Expert Advice

Expert Advice, Tips & Affirmations from Pediatric Therapists
  • Great Exercises for the Great Outdoors

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    June is National Great Outdoors Month.  It also is the start of summer for school children.  Although it is good to give your child a break for the traditional school environment, parents sometimes make the mistake of not encouraging further development of skills over the long days of summer.  When children return to school, the transition can be difficult not only in terms of attention, but also for the tiny muscles of their hands that haven’t worked out in over two months.  You can help your child by providing some fun outdoor activities that also work to improve or maintain the stability of the shoulders, which is needed for good posture and handwriting skills when they return to their desk in the new school year.  When you are outdoors this summer, try these four examples of smart play made simple.

    1. Use Sidewalk Chalk- Draw pictures on the ground pushing the chalk across the rough texture of cement.  This promotes good hand strength as well as drawing and writing skills.
    2. Play Tug of War- Have partners hold onto a rope or belt on opposite ends being careful not to fall.  This increases strength and endurance throughout the hand and up to the shoulders.
    3. Practice Wheelbarrow Walking- This partner activity of children walking on their hands while their feet are raised off the ground can improve coordination and shoulder stability.  Get a group together for a race.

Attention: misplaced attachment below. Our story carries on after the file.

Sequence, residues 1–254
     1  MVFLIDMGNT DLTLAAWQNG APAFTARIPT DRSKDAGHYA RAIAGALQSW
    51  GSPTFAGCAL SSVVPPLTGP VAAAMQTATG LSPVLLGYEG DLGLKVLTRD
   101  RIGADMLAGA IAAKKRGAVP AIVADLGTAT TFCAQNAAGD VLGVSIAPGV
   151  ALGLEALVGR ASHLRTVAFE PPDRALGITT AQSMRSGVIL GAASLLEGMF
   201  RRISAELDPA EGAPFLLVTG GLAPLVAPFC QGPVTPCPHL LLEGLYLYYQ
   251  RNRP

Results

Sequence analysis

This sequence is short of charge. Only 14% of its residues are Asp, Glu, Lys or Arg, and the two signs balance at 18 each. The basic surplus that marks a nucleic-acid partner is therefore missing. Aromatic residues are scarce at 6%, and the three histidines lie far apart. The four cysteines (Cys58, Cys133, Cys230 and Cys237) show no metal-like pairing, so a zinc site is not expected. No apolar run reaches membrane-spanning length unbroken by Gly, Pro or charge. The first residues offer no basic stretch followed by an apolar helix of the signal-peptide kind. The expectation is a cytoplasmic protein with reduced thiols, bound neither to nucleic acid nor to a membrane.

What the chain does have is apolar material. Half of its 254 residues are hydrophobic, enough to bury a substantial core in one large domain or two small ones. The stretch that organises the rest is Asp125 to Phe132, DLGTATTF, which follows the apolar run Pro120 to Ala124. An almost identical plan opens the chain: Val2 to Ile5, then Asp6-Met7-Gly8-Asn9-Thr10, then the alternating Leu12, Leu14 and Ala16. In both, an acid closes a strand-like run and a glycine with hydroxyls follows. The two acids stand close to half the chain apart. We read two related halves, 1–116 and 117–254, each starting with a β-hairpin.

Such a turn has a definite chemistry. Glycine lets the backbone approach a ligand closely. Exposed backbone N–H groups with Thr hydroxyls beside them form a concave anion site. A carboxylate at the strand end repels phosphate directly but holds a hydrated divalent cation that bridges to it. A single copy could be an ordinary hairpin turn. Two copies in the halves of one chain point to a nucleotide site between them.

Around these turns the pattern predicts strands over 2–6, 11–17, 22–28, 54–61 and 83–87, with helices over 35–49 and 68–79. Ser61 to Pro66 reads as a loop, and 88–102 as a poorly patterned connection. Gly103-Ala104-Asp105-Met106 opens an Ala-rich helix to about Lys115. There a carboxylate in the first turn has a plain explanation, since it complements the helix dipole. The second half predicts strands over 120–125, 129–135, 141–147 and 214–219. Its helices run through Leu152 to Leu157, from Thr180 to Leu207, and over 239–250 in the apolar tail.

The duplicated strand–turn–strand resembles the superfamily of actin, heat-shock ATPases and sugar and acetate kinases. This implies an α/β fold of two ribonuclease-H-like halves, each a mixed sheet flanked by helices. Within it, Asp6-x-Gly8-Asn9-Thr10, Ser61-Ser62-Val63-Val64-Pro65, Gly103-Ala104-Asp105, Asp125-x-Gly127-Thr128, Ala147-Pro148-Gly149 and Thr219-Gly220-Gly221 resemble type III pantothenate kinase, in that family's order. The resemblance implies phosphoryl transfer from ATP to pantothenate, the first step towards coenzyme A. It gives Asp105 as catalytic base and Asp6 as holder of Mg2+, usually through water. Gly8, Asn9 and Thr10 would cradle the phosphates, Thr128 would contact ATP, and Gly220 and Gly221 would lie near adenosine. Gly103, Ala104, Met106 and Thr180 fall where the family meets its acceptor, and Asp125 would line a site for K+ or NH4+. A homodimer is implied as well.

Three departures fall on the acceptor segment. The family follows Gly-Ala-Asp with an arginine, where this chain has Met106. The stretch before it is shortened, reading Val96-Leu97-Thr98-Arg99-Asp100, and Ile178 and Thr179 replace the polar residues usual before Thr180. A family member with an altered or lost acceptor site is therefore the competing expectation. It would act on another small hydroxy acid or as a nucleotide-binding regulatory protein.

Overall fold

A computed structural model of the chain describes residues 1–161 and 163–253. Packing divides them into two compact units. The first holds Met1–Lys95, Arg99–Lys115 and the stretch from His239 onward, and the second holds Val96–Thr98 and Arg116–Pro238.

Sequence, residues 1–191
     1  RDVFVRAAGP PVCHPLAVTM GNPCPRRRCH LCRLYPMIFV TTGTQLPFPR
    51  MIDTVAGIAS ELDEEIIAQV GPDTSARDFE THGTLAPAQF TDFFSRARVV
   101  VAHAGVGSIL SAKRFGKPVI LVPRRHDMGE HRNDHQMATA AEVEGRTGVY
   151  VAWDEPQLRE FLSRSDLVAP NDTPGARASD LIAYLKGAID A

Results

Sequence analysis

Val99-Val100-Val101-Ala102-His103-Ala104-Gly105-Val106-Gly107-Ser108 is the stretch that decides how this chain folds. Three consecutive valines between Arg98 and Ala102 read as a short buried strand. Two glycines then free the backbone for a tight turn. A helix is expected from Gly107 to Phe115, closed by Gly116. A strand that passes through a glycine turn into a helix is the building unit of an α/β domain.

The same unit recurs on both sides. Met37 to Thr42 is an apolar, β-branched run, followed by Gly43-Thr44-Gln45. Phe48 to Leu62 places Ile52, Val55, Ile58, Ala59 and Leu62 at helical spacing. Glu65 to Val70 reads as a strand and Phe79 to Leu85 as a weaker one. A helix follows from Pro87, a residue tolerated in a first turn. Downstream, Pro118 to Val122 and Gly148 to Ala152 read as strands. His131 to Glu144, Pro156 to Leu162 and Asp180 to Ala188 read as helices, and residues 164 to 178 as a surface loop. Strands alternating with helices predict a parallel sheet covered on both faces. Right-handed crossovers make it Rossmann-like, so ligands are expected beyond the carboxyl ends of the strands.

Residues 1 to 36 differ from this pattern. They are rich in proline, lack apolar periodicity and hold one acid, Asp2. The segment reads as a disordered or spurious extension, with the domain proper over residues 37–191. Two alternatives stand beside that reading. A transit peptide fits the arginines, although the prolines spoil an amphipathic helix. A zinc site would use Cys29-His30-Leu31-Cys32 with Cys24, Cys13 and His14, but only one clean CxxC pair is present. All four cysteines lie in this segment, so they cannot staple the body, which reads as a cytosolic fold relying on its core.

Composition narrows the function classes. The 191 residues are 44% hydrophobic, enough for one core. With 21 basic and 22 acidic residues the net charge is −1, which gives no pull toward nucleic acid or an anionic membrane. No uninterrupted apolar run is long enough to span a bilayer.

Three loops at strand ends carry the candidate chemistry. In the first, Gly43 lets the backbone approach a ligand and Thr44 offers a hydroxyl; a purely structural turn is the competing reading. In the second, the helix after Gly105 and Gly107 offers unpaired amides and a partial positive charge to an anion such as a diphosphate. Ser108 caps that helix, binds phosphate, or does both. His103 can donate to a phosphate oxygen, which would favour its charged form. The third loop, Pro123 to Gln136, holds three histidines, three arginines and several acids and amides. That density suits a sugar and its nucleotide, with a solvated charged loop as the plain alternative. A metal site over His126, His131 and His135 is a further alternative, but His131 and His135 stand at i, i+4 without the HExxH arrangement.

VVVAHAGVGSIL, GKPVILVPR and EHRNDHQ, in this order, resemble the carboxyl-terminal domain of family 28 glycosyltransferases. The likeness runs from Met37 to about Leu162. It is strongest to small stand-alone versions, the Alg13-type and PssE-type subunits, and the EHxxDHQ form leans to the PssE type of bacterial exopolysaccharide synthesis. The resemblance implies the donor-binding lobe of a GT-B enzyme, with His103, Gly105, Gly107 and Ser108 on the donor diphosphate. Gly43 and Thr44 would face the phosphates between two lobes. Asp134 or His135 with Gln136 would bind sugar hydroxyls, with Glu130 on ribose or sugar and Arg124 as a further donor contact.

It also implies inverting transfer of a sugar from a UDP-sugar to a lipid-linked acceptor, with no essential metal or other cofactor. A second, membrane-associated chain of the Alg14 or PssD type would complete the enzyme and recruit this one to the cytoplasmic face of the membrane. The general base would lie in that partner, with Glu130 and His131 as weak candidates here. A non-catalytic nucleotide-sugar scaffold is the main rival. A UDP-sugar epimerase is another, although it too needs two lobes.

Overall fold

4. Play Balloon Volleyball- Blow up a balloon and tap it with your fingertips keeping it off the ground as long as possible.  This activity can build endurance, control of the muscles, and reaction time to moving objects.

    If your child is having difficulty with coordination, strength, or endurance, you should consult with your doctor about having an occupational or physical therapist conduct an evaluation and create a treatment plan if deemed necessary.  Have a playful day!

    Amy Baez, OTR/L, The Smart Play Curator

    Amy Baez is a pediatric occupational therapist, award-winning handwriting author, and founder of Playapy. For more information, visit www.playapy.com or email info@playapy.com.

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  • May is Correct Posture Month

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    One of the most common functional limitations that occur in children is poor posture.  We often hear advice given to adults especially with the increased use of technology in the recent decades.  Many parents, however, are often surprised when it is pointed out in their children.  Since May is National Correct Posture Month, here is a list of 5 signs of poor posture and 5 ways to improve it.

    5 Signs of Poor Posture

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    1. Rounded back and shoulders when sitting or walking
    2. Protrusion of the shoulder bones when back is straight
    3. Complaints of pain from massage
    4. Decreased endurance or upper body strength
    5. Inability to maintain good posture upon request

    5 Ways to Improve Posture

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    1. Bring awareness to it and give praise when it is good.
    2. Practice wheelbarrow walking and overhead ball exercises.
    3. Participate in sports like swimming and basketball.
    4. Spend time with back relaxing over a ball or with tummy on floor.